Pizza Rustica, recipe by Nigella Lawson

I must admit that when I first look at the long list of ingredients, it almost made me not want to proceed but the picture was so irresistible that  i decided to give it a shot anyway!

(Recipe extracted from Nigella Lawson’s ‘How To Be A Domestic Goddess’ book, and are available on her website here.)


for the pastry:
250g plain flour, preferably Italian 00
125g cold unsalted butter, cut into 1cm cubes
2 egg yolks
2 tablespoons iced water
1 heaped teaspoon salt (can’t remember if I used Maldon or regular salt)
1 tablespoon caster sugar
22cm Springform tin, buttered

for the filling:
50g luganega or mild pure pork sausage, skinned (50g was like half a sausage so I actually used 2 whole links which was about 200g)
1 tablespoon olive oil
250g ricotta
50g smoked provolone, diced (I could not find smoked provolone so I substitute with smoked Gouda instead)
125g Italian mozzarella, crumbled (not sure if what I used was the same since it was not a crumble sort of cheese)
50g freshly grated parmesan
1/2 clove garlic, chopped
2 tablespoons chopped flat-leaf parsley
2 pinches chilli powder or crushed dried red chillies
100g prosciutto, cut into small pieces
100g mortadella, cut into small pieces
2 eggs, lightly beaten
Black pepper
1 heaped tablespoon dried breadcrumbs

for the glaze:
1 egg yolk
2 tablespoons milk
Pinch of salt


Put the flour and butter in a dish, and put this dish in the deep freeze for 10 minutes.

Stir together the yolks, water and salt in a cup, and put this cup in the fridge.

Then, when time’s up, tip the flour and butter into the bowl of the processor, add the sugar and pulse to combine: you want a soft crumbly mass, somewhere between sand and porridge oats.

Bind with the egg yolks, water and salt, and when it looks like it’s on the verge of coming together (you have to stop slightly short of this actually happening), tip the pastry out and wodge it together with your hands. Don’t worry, though, if the pastry is a little too damp: I find one of the miracles of this pre-freezing pastry technique is that it makes it more foolproof on every level. It always seems to roll out well.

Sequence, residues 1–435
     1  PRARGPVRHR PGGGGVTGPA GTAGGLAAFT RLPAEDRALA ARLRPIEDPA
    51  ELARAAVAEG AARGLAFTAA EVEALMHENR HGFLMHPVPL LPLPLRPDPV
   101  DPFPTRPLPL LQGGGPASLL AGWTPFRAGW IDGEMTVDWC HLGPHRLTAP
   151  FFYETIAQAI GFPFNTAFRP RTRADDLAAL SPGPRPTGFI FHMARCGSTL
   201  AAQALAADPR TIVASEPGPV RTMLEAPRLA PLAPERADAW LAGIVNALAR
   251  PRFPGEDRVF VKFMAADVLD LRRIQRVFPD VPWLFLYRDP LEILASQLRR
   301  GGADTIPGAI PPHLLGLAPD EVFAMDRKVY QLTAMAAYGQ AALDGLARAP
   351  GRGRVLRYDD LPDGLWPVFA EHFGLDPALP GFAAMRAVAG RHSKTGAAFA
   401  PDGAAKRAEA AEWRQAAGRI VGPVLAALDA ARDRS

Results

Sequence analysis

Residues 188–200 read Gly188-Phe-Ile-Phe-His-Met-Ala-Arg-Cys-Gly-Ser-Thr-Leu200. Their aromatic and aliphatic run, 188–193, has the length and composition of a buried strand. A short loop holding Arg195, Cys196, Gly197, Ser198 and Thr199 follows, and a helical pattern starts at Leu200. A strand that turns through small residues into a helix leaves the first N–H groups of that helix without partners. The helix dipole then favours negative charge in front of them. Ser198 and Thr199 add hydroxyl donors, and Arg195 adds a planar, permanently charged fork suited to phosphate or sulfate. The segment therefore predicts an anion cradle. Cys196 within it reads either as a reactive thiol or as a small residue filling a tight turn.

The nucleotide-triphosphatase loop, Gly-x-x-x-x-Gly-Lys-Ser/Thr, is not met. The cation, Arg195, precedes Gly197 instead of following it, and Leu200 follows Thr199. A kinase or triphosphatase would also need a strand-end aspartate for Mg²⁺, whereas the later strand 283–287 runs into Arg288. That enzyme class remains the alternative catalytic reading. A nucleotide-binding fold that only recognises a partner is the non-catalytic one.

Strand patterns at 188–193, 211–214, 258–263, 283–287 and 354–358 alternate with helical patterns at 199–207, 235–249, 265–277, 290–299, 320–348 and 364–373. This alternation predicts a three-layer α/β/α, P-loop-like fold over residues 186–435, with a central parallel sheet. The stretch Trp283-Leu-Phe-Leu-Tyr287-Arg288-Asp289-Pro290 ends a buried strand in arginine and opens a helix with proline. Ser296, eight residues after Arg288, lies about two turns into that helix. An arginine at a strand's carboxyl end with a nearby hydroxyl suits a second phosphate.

Divide into two discs, one somewhat larger than the other, and put both into the fridge to rest wrapped in clingfilm. Preheat the oven to 200C/gas mark 6, put in a baking sheet, and get on with the filling. Fry the sausage in the oil for about 5 minutes, breaking it up with a wooden spoon as it cooks, then transfer it to a bowl and let it cool.

At which time, add all the other ingredients except the breadcrumbs and mix thoroughly.

Roll out the larger disc of pastry to cover the bottom and sides of the tin, leaving a few centimetres’ overhang. (according to her previous recipes, the pastry is supposed to rest in the fridge for about 20 minutes. But I took quite a while getting the filling ready that almost an hour passed before I took it out. By that time, it was quite stiff. Plus, I think my fridge is a lot cooler than it needed to be.)

Sprinkle the bottom of the now pastry-lined tin with breadcrumbs, and then fill with the hammy, eggy mixture waiting in its bowl.

Roll out the smaller disc to make the lid, place it on top of the filled pie, turn over the edges of the overhang to form a border and press down with the tines of a fork.

Just before baking, glaze the pie by brushing over the milky, salty egg, stab it here and there with the prongs of a fork to make steam holes, and place it on the baking sheet in the preheated oven. Give it 10 minutes at this temperature, then turn it down to 180C/gas mark 4 and bake for a further 45 minutes.

Leave the pie to cool for at least 10 minutes before serving it, but it’s at its best after about 25 minutes.


I was really pleased to see that it looked almost identical to the picture in the book (that’s always a good sign). However on tasting, I think it was a bit too salty. I suspect the prosciutto but can’t be really sure since there were so many ingredients in it. Strangly enough, although we kept complaining too salty, we had no trouble eating it! It was really tasty.

The pastry is really light and crumbly. I can’t really compare since I have never made pastry before but I was really happy with the results.

Overall, it’s quite an easy recipe to make. Although the ingredients are quite a lot, the actual assembly of it was pretty easy and quick since it was just a matter of combining everything and filling the pastry.

Future Attempt

  1. Get a less salty prosciutto (if there is such a thing).
  2. Use Maldon salt for the pastry (maybe I used regular salt which is more compact and could have added overall saltiness to the dish).
  3. There were a few versions of this pie in her book with different fillings so I will definitely try out the others as well!


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